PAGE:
There's a lot more to all that seemingly random scribbling than meets the eye
Traditionally seen as something we do subconsciously, deciding to doodle is different from doing it organically. However, this method is often used to reset the brain and rewire attitudes and emotions, so it can still help to improve wellbeing.
Here are a few things you might try:
- Repetitive doodling can aid relaxation, so begin by drawing lines or basic shapes, such as circles, squares, triangles or combinations of them all. Don’t worry about the complexity – this is just a starting point.
- Take note of how the shapes make you feel. Try not to judge their appearance, go with your instinct and keep in mind graphologist Tracey’s advice: ‘A true doodle is drawn continuously, without lifting the pen from the page.’
- Once you have some shapes, try shading them. Take note afterwards of the kind of pressure you’ve used, whether it’s light or heavy and how that makes you feel. Tracey notes that shading is seen psychologically as tension release, stating that ‘the firmer the pen strokes, the deeper the anxiety’.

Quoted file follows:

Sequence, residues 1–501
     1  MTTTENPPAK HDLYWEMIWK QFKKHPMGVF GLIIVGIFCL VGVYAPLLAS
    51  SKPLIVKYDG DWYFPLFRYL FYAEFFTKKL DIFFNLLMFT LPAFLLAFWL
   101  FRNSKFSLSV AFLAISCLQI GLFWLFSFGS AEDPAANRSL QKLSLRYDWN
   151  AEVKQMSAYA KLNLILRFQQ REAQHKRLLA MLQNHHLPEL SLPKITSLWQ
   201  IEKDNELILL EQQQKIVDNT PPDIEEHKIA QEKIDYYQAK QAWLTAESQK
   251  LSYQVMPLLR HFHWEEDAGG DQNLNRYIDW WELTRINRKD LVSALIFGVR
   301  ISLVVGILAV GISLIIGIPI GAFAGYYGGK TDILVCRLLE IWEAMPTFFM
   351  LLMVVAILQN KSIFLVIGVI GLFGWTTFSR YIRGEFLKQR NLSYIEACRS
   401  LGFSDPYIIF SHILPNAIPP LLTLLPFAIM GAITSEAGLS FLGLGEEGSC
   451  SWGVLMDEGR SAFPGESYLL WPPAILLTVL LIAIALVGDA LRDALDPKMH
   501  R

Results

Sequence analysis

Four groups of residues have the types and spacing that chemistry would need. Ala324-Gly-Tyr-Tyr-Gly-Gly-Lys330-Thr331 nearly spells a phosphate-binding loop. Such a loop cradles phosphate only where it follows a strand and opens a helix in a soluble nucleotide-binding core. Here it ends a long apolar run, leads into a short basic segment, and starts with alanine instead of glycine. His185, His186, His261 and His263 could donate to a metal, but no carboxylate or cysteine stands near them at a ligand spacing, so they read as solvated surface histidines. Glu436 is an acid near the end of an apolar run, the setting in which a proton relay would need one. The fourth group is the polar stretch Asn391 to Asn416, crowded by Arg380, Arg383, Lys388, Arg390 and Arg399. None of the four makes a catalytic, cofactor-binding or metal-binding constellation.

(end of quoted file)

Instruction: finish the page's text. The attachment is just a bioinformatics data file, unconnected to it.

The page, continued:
- Try letting the shapes evolve into something more. They might turn into recognisable objects such as flowers, clouds or faces, but they could also be abstract.
- When you’ve spent enough time doodling, come away from your creation and look at what you have scribbled. Think about what emotions it provokes.
- If you’d like to try more traditional doodling, keep a pen handy for moments when you’re bored or daydreaming. You might be on the phone or waiting for someone – or you could be trying to work through something difficult. Let your thoughts guide your pen and see where it takes you.